A student with a large hunting knife stabbed at least four people on the University of Texas campus, killing one and seriously wounding the others before surrendering to police, authorities said.
There was no immediate word about a motive.
Student Rachel Prichett said she was standing in line at a food truck outside a gym Monday when she saw a man with a knife resembling a machete approach the person standing behind her.
"The guy was standing next to me," Prichett said. "He grabbed him by the shoulder and shoved the knife in it. I just started running as fast as I could."
Police identified the suspect as 21-year-old Kendrex J. White.
University police Chief David Carter described the weapon as a "Bowie-style" hunting knife. He said the stabbings occurred within a one-block area as the attacker "calmly walked around the plaza."
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Another student, Ray Arredondo, said he was walking to his car when a mass of students near the gym started running.
"They were just screaming, `Run! Get out of here!"' Arredondo said.
One person died at the scene near the gym. The others were taken to the hospital. There were reports of additional victims with non-life-threatening injuries, according to tweets from Travis County Emergency Medical Services.
The Graham Independent School District posted condolences to the family of Harrison Brown on Facebook on Monday evening. The post says Brown was a 2016 graduate of Graham High School.
Graham, in Young County, is located about an hour-and-a-half west of Fort Worth.
The attacker did not resist when officers confronted him at gunpoint, Carter said.
Lindsey Clark said she saw the suspect get tackled by police as he was running toward the entrance of Jester Hall, a complex of dormitories and classrooms. She described him as wearing a bandanna and gray sweatshirt and said he appeared quiet and subdued as police held him on the ground.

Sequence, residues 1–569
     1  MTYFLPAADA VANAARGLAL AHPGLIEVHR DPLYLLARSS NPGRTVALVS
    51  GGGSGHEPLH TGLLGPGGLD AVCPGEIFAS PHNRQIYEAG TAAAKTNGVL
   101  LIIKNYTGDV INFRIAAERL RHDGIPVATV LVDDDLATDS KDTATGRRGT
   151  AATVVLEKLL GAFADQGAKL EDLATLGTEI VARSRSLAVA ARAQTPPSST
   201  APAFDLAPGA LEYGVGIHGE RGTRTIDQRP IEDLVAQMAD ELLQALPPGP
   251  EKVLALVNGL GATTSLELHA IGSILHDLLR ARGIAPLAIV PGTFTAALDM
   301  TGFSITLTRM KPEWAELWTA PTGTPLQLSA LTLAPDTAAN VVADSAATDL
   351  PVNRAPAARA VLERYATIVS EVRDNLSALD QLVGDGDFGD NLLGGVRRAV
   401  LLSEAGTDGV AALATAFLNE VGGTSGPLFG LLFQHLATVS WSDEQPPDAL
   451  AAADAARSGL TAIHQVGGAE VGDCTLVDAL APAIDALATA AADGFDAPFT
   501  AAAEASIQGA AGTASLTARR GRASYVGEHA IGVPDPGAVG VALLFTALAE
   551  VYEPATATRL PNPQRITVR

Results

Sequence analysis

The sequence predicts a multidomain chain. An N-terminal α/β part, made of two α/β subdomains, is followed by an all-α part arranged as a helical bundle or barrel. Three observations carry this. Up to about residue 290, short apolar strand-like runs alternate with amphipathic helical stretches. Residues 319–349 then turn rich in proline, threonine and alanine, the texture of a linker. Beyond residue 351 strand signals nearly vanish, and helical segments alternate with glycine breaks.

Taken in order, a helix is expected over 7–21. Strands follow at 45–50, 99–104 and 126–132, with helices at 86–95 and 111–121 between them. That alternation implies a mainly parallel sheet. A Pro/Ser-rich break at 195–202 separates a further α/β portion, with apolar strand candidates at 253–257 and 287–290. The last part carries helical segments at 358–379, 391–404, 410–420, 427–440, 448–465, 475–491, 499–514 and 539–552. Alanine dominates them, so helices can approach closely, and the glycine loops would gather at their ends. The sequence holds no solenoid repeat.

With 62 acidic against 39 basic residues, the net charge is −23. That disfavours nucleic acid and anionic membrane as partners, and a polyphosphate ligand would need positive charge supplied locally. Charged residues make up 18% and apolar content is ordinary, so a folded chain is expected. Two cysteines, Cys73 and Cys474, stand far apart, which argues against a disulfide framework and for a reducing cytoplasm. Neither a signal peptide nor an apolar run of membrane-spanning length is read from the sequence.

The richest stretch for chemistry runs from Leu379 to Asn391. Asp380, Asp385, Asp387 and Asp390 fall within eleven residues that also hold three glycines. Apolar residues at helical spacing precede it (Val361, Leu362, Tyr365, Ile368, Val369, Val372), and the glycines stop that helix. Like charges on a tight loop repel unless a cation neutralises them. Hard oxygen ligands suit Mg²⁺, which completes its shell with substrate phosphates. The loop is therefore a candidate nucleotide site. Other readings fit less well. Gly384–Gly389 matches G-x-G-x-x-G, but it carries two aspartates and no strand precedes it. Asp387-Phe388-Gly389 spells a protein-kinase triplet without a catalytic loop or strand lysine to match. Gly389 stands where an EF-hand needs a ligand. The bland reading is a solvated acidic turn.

"You could see and hear people running and screaming: 'There he is!"' before he was tackled by officers, Clark said.
Carter said it would be "premature" to discuss the suspect's motive and "what was going through his mind."
Arredondo later saw what looked like CPR being performed on someone outside the front door of the gym. Another student was sitting on a bench being treated for cuts to the head or neck, he said.
Authorities cordoned off the scene as a large contingent of state and local police, including officers in helicopters, swarmed the area.
The University of Texas is blocks from downtown Austin and the Texas Capitol and is one of the nation's largest universities.
White was an active member of the Black Health Professionals Organization student organization on campus, said Melody Adindu, the group's new president. She said White was passionate about his work and was "very interactive and easygoing."
Some of White's former classmates at Killeen High School, near the gates of the Fort Hood Army post in Central Texas, had similar recollections of him.
"He was a really smart guy in high school, he was always nice, had plenty of friends, and was in the International Baccalaureate program. I'm definitely surprised he would do this," Kay'Lynn Wilkerson told the Killeen Daily Herald.
Ex-classmate Angela Bonilla called White "the sweetest guy, laughing and having a good time with people".
Adindu and other students complained on social media it took too long for the campus officials to send a text alert of the attack. Texts to students showed a nearly 30-minute lag between the arrest and warning, even though city and county emergency offices were tweeting about the incident when they first responded.
Carter said White was confronted and arrested within two minutes of the first call to police and the situation was immediately under control. The campus siren wasn't used because there was no need for a lockdown to keep people in place, he said.
"There was no ongoing threat. We had him in custody as soon as we arrived," Carter said.
The attack occurred in the central campus, just a short walk from the administration building and the landmark clock tower that was the scene of a mass shooting in 1966.
"This breaks my heart that any of our students are touched by tragedy. They come here to learn, to look to the future," said university President Greg Fenves.
The stabbings came only a few days after a 19-year-old man armed with a machete wounded two people at a university coffee shop in Lexington, Kentucky.
In the April 28 attack, the assailant at Transylvania University asked about the political affiliations of people at the shop. He was arrested and charged with assault. The victims' wounds were not life-threatening, authorities said.
Associated Press writer Paul J. Weber contributed to this report.